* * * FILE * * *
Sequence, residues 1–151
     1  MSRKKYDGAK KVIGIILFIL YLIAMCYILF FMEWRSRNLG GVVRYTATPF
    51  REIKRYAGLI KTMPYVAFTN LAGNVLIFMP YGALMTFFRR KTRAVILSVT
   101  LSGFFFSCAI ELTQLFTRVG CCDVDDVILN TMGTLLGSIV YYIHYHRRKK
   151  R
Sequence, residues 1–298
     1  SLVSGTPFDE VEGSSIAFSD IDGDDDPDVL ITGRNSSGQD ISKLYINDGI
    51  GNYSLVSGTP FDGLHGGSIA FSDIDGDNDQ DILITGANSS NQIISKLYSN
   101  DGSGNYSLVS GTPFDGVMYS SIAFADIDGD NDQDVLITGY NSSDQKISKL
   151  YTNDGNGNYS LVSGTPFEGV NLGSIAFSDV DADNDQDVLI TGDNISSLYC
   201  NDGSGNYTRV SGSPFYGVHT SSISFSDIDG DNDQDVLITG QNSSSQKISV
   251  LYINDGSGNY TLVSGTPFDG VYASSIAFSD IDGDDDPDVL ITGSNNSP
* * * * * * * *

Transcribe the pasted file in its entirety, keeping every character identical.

Sequence, residues 1–151
     1  MSRKKYDGAK KVIGIILFIL YLIAMCYILF FMEWRSRNLG GVVRYTATPF
    51  REIKRYAGLI KTMPYVAFTN LAGNVLIFMP YGALMTFFRR KTRAVILSVT
   101  LSGFFFSCAI ELTQLFTRVG CCDVDDVILN TMGTLLGSIV YYIHYHRRKK
   151  R
Sequence, residues 1–298
     1  SLVSGTPFDE VEGSSIAFSD IDGDDDPDVL ITGRNSSGQD ISKLYINDGI
    51  GNYSLVSGTP FDGLHGGSIA FSDIDGDNDQ DILITGANSS NQIISKLYSN
   101  DGSGNYSLVS GTPFDGVMYS SIAFADIDGD NDQDVLITGY NSSDQKISKL
   151  YTNDGNGNYS LVSGTPFEGV NLGSIAFSDV DADNDQDVLI TGDNISSLYC
   201  NDGSGNYTRV SGSPFYGVHT SSISFSDIDG DNDQDVLITG QNSSSQKISV
   251  LYINDGSGNY TLVSGTPFDG VYASSIAFSD IDGDDDPDVL ITGSNNSP